## Elasticity and revenue

Syllabus Heading: Applications of price elasticity of demand

Syllabus: Examine the role of PED for firms in making decisions regarding price changes and their effect on total revenue.

### PED and business decisions - the effect of price changes on revenue

PED is important for business decision making as it determines the effect of price changes on total revenue (PxQ). When a business is considering increasing or decreasing price, it is important to know the resulting impact on demand and therefore sales revenue.

Remember that if demand for a good or service is price inelastic then an increase in price will decrease sales but increase sales revenue - can you see why? However, a price cut will increase sales but decrease sales revenue.

NB. If price elasticity is 1, then revenue does not change with a change in price since the proportionate effects on price and quantity demanded are equal.

The changes in revenue for different elasticity values are summarised in the table below.

Price elasticity value Price change Impact on firm's revenue Explanation
Elastic Increase Fall Elastic demand will mean that when price increases, demand will fall by a greater percentage than the price increased. This means a fall in revenue.
Elastic Decrease Increase Elastic demand will mean that when price falls, demand will increase by a greater percentage than the price decreased. This means an increase in revenue.
Inelastic Increase Increase Inelastic demand will mean that when price increases, demand will fall by a smaller percentage than the price increased. This means an increase in revenue.
Inelastic Decrease Fall Inelastic demand will mean that when price falls, demand will increase by a smaller percentage than the price decreased. This means a fall in revenue.

While for completeness perfectly elastic, perfectly inelastic and unitary elastic demands are included in textbook explanations in the real world firms invariable face relatively elastic and/or relatively inelastic demands only.

Also be careful how you phrase all this it is demand that is elastic (or inelastic) not the goos. Otherwise you may end up writing about elastic cars, for example, which is just silly. Consider the following demand curves:

#### Unit elastic demand Figure 1 Unit elasticity of demand

Here the curve is a rectangular hyperbola. Thus all rectangles under the curve are equal in area and each rectangle equals total revenue (for example, the blue and red rectangles are equal). Thus, total revenue remains unchanged as price changes.

In this case it might not be worthwhile for a business to lower price as the extra demand would not bring forth any extra revenue (MR = 0), but it is highly likely that extra costs would be incurred in producing the additional output.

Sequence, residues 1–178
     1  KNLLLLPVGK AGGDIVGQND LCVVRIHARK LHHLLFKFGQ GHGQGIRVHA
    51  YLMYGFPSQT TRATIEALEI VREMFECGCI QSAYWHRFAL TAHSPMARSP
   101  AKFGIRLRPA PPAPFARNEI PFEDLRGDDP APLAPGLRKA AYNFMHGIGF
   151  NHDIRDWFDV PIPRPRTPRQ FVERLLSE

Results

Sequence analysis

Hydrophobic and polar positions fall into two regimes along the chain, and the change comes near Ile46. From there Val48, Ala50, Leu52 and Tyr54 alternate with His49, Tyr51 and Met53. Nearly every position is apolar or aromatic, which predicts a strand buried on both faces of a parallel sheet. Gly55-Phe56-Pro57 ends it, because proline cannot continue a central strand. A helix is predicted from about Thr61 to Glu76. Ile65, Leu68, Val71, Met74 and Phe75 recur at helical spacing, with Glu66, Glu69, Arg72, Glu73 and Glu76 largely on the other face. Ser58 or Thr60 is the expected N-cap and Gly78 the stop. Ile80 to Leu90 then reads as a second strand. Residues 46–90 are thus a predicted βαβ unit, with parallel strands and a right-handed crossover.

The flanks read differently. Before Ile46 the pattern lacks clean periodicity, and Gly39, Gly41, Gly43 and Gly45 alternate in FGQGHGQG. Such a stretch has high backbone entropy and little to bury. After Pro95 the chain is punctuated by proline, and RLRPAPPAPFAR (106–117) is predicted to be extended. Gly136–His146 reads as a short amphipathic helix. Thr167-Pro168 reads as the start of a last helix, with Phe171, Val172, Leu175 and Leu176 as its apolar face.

#### Elastic demand Figure 2 Elastic demand (PED greater than 1 but less than infinity)

Here a decision to reduce price would lead to an increase in total revenue. As price falls from OP1 to OP2, there is a more than proportionate rise in the quantity demanded from OQ1 to OQ2 and total revenue rises from OP1 x OQ1 to OP2 x OQ2. The fall in revenue from the lower price (the red area) is more than compensated by the rise in revenue from the extra sales (the blue area). The decision to lower price may well be sound in this case as total revenue will rise which may lead to higher profits, depending on the relationship between costs and revenue.

Conversely, a decision to raise price would lead to a fall in total revenue. A rise in price from OP2 to OP1 would cause a more than proportionate fall in demand and so reduce total revenue.

Where demand is elastic:

as price increases, total revenue falls

as price decreases, total revenue rises

#### Inelastic demand Figure 3 Inelastic demand (PED greater than 0, but less than one)

Here a decision to lower price would lead to a decrease in sales revenue. As price decreases from OP1 to OP2, there is a less than proportionate increase in demand from OQ1 to OQ2 and total revenue falls. We can see from figure 3 that the loss in revenue from the lower price (the red area) is less than the gain in revenue from the higher sales (the blue area) and so total revenue will fall.

Conversely, a decision to raise price from OP2 to OP1 would lead to a less than proportionate fall in demand from OQ2 to OQ1 and sales revenue would rise.

Where demand is inelastic:

as price increases, total revenue increases

as price decreases, total revenue decreases

Thus knowledge of the PED facing a firm's product or service enables rational pricing decisions to be made.